“I thought the lack of size was the difference,” said Rivers. “Our guys battled down there, but 23-8 on offensive rebounds, and the 37-17 discrepancy in free throws, that makes it impossible to overcome.”

The rebounding battle became so important because the Lakers couldn’t get out of their own way on offense. Bryant deserved his Finals MVP award but Game 7 was a stinker for him, shooting 6-of-24 with just two assists and committing four turnovers. Instead, it was his teammates who picked him up.

Which leads us to the big takeaway from L.A. boarding its way to the title: Reminding us that this is a team sport.

The silly “Kobe has five, Michael has six” debates we had all week now seem more ludicrous than ever after his teammates bailed him out on a night that would allegedly decide his legacy.

Yes, the ring’s the thing, and even Bryant couldn’t resist noting that he now has one more of them than Shaquille O’Neal. But this isn’t tennis or golf – individuals don’t win championships. Teams do.

Bryant helped prove it when he suffered consecutive first-round exits prior to Gasol’s arrival. As brilliant as Bryant has been at times in these Finals, it’s noteworthy that his best Finals performance (Game 5) came in defeat, and his worst in the deciding victory.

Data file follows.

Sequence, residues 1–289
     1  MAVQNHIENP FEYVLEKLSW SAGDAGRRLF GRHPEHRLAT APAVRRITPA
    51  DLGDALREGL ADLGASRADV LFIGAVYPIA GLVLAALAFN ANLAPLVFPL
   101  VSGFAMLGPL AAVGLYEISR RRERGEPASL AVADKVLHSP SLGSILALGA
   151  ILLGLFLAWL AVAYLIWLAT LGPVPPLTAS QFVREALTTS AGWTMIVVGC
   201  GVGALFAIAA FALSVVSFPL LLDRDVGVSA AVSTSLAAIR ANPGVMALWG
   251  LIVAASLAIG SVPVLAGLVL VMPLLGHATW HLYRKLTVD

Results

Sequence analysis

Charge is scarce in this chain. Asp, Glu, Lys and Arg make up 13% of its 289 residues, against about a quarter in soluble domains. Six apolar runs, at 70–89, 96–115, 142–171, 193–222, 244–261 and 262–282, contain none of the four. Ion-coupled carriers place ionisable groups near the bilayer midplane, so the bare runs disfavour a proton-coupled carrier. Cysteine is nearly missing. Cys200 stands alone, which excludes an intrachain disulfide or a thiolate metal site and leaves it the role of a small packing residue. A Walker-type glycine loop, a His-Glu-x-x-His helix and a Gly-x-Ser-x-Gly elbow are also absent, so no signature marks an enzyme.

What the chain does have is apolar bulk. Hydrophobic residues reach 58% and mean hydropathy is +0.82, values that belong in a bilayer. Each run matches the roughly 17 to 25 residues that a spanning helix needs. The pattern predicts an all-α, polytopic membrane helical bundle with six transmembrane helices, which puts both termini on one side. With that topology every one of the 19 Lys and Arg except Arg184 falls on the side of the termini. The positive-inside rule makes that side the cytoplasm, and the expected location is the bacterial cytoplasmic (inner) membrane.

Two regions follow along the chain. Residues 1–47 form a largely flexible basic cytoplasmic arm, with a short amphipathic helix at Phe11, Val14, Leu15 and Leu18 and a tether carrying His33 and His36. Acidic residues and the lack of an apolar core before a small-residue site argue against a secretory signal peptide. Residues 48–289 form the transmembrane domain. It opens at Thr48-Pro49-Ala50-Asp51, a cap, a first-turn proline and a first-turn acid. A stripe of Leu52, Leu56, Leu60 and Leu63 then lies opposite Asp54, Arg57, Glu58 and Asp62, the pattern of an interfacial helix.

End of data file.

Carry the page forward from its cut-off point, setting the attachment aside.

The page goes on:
Instead it was L.A.’s cavalry that rode to the rescue. Artest, whom Laker coach Phil Jackson called the team’s MVP tonight, suffocated Paul Pierce on defense and scored 20 points, including a back-breaking 3 with a minute left. Derek Fisher hit a difficult 3 to tie the game midway through the fourth, Gasol owned the glass in the fourth quarter, and Sasha Vujacic stepped out of the freezer to hit two title-clinching free throws with 11 seconds left.

That’s not a knock on Bryant. That’s just how it’s usually been done … far more frequently than most people care to remember. Take Jordan, for instance. He clinched his first title as a mostly-bystander watching a monstrous fourth quarter from John Paxson … and the second with five reserves leading a 16-point comeback against Portland in Game 6 ... and the third watching Paxson nail the game-winner in Phoenix.

In fact, if a player had his legacy defined tonight it wasn’t Bryant, who was the third-best player on his own team, but Gasol. Lambasted for his lack of toughness and fortitude in the 2008 Finals, and earlier in this series, he dominated the fourth quarter with nine points, six rebounds, two assists and a blocked shot. Perhaps that’s why he seemed more emotional than usual in the aftermath.

“He was the one guy I felt really played with good energy," said Lakers coach Phil Jackson.

As a result, the Lakers are champions, no matter how ugly it might have looked in stretches -- "It wasn't well done, but it was done," said Jackson.

And in the end, it wasn't done by legacies or superstars, but by the very basic fact that the Lakers earned so many shots they couldn't help but get at least a few them to the bottom of the net.